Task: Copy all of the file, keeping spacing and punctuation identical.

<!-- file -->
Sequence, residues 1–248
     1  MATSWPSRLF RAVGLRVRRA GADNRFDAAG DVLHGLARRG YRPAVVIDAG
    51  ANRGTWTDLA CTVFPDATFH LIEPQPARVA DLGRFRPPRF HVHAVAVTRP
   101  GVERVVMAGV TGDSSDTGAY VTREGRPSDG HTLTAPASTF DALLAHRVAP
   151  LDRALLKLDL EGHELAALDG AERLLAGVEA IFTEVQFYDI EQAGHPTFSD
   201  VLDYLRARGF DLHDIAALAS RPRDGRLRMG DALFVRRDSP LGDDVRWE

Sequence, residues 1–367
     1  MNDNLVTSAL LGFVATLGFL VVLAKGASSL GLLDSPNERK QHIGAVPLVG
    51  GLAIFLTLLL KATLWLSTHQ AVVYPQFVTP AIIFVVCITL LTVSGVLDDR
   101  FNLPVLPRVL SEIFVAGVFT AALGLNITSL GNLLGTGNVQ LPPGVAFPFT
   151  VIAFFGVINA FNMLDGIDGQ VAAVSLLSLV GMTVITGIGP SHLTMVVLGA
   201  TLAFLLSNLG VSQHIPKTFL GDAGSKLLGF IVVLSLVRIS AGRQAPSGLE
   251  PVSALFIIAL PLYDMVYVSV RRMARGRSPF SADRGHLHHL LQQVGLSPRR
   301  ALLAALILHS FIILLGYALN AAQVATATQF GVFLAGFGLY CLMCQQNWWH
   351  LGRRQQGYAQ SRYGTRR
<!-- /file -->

Sequence, residues 1–248
     1  MATSWPSRLF RAVGLRVRRA GADNRFDAAG DVLHGLARRG YRPAVVIDAG
    51  ANRGTWTDLA CTVFPDATFH LIEPQPARVA DLGRFRPPRF HVHAVAVTRP
   101  GVERVVMAGV TGDSSDTGAY VTREGRPSDG HTLTAPASTF DALLAHRVAP
   151  LDRALLKLDL EGHELAALDG AERLLAGVEA IFTEVQFYDI EQAGHPTFSD
   201  VLDYLRARGF DLHDIAALAS RPRDGRLRMG DALFVRRDSP LGDDVRWE

Sequence, residues 1–367
     1  MNDNLVTSAL LGFVATLGFL VVLAKGASSL GLLDSPNERK QHIGAVPLVG
    51  GLAIFLTLLL KATLWLSTHQ AVVYPQFVTP AIIFVVCITL LTVSGVLDDR
   101  FNLPVLPRVL SEIFVAGVFT AALGLNITSL GNLLGTGNVQ LPPGVAFPFT
   151  VIAFFGVINA FNMLDGIDGQ VAAVSLLSLV GMTVITGIGP SHLTMVVLGA
   201  TLAFLLSNLG VSQHIPKTFL GDAGSKLLGF IVVLSLVRIS AGRQAPSGLE
   251  PVSALFIIAL PLYDMVYVSV RRMARGRSPF SADRGHLHHL LQQVGLSPRR
   301  ALLAALILHS FIILLGYALN AAQVATATQF GVFLAGFGLY CLMCQQNWWH
   351  LGRRQQGYAQ SRYGTRR